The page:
After emancipation, the freed former slaves wanted to get away from the gang-style field labor most of them had done while enslaved. Understandably, most wanted to live in family units on their own plots of land, to work when and how they wanted, to have control over their own actions and fortunes. Southern white landowners, on the other hand, wanted the African Americans to return to the fields, to work their land, preferably laboring in subservient large groups as before.
Out of these divergent desires arose a compromise, sharecropping. Under the system of sharecropping, families contracted to work a particular area of land, giving a percentage of the designated crop (almost always cotton) in exchange for limited autonomy.
While in theory this appears to have been a fair deal, in reality the white landowners quickly regained dominance over their African-American partners. By controlling the local stores that the tenants relied upon, by charging exorbitant interest on anything purchased with credit, and by assuming full control of the marketing of the crops, the landowners ensnared the black sharecroppers into a web of peonage.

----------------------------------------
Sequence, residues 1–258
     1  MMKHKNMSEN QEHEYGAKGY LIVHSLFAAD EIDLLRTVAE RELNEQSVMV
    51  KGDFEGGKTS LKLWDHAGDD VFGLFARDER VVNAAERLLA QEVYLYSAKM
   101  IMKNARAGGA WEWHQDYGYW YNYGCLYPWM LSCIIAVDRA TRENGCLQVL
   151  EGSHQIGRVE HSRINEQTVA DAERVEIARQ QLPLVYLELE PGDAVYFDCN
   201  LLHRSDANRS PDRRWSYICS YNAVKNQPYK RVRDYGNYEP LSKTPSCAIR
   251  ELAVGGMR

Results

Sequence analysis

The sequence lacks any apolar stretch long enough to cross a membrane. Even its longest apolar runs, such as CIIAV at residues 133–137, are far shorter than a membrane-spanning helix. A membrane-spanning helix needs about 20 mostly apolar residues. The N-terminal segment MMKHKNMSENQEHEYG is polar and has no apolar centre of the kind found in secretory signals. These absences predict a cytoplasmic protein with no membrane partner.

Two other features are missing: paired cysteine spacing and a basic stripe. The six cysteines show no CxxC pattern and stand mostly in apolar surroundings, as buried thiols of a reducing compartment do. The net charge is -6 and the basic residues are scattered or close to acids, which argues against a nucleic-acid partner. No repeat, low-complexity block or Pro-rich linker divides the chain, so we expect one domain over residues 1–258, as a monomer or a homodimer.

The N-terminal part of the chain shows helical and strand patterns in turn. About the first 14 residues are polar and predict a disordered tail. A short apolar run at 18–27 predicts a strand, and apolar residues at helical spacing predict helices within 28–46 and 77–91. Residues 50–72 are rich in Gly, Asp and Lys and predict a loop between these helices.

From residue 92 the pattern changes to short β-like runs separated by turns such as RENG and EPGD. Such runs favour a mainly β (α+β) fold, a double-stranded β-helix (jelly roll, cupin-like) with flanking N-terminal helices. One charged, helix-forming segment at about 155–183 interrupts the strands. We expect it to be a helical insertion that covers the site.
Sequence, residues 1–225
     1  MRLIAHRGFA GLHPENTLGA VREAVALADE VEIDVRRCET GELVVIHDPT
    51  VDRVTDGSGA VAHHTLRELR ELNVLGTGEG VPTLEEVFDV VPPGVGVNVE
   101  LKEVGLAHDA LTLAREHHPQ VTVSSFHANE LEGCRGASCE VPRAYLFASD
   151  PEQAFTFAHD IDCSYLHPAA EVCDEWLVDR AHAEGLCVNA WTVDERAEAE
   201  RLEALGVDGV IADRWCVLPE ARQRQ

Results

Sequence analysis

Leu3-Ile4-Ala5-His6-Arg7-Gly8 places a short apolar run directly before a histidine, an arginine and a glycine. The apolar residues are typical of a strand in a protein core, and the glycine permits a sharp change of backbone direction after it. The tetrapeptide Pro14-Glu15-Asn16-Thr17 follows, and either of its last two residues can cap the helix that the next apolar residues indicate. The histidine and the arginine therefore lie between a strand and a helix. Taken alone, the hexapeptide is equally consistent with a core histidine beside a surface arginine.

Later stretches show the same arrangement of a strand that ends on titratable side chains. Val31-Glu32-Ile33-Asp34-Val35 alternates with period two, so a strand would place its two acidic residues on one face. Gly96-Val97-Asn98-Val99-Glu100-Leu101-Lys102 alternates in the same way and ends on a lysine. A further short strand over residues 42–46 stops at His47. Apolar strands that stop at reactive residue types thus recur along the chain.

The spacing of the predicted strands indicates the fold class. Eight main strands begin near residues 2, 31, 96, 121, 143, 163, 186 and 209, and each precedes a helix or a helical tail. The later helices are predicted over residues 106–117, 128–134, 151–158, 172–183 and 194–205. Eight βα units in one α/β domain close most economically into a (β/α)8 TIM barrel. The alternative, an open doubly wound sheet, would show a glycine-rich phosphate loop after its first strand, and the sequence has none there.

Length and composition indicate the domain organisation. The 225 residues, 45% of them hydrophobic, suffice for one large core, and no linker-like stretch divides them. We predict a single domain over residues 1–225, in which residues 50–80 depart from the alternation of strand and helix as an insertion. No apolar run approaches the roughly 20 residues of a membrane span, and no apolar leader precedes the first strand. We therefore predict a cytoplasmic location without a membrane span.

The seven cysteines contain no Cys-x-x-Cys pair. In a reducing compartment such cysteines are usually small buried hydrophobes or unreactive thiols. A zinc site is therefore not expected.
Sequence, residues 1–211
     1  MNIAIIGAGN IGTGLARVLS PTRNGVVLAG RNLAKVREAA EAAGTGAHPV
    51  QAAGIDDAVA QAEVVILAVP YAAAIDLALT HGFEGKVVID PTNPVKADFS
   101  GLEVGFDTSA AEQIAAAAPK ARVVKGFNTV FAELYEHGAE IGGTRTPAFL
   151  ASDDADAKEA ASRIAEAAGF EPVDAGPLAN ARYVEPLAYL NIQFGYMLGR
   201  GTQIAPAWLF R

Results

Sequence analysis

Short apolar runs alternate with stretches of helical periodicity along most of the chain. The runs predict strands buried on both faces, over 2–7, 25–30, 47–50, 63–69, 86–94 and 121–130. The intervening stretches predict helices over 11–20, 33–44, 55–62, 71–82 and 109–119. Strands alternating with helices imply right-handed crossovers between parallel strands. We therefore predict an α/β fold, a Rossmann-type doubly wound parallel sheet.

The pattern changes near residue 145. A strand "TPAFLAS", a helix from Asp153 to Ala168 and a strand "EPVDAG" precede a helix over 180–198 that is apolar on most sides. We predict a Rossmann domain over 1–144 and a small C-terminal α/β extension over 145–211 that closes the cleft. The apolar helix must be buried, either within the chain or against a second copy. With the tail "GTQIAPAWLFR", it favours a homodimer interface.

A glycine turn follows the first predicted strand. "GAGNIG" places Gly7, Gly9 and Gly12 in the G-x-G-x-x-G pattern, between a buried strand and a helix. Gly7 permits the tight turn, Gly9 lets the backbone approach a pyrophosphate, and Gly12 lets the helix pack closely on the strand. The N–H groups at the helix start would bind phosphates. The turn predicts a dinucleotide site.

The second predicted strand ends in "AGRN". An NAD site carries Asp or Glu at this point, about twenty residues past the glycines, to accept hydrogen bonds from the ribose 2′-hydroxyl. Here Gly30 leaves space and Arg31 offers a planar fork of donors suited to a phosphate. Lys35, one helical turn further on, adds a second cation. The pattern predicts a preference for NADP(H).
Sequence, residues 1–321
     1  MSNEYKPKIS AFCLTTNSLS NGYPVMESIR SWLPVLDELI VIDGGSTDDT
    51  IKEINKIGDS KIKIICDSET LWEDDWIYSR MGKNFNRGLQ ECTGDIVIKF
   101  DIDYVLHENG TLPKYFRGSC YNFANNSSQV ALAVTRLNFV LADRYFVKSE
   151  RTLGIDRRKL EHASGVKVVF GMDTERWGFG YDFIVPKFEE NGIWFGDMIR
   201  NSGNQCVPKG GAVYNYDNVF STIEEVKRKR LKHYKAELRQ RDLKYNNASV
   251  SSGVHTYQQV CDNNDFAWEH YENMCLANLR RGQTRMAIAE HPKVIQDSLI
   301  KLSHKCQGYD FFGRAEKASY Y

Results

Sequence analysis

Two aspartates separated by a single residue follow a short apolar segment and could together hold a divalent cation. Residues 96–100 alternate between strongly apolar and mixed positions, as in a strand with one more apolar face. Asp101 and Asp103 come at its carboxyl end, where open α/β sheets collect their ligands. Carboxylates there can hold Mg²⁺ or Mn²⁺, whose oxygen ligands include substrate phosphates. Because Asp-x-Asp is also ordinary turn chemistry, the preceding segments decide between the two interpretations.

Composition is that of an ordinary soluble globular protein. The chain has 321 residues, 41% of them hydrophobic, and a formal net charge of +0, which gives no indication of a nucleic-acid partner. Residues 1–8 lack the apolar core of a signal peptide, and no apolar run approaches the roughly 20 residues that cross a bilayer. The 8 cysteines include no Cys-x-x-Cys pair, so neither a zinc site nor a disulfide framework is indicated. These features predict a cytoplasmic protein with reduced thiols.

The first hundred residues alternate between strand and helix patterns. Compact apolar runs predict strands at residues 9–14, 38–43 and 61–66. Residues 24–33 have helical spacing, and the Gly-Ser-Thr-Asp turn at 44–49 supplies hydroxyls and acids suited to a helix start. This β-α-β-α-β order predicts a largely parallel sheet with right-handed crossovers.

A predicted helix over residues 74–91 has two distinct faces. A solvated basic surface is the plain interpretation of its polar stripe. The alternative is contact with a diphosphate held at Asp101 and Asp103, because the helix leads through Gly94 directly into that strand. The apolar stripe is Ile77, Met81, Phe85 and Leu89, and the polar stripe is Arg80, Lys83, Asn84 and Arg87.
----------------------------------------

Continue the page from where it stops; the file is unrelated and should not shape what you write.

In 1912, sharecropping was still dominant in the South, where over ninety percent of African Americans still lived and worked in agriculture, almost always for someone else.
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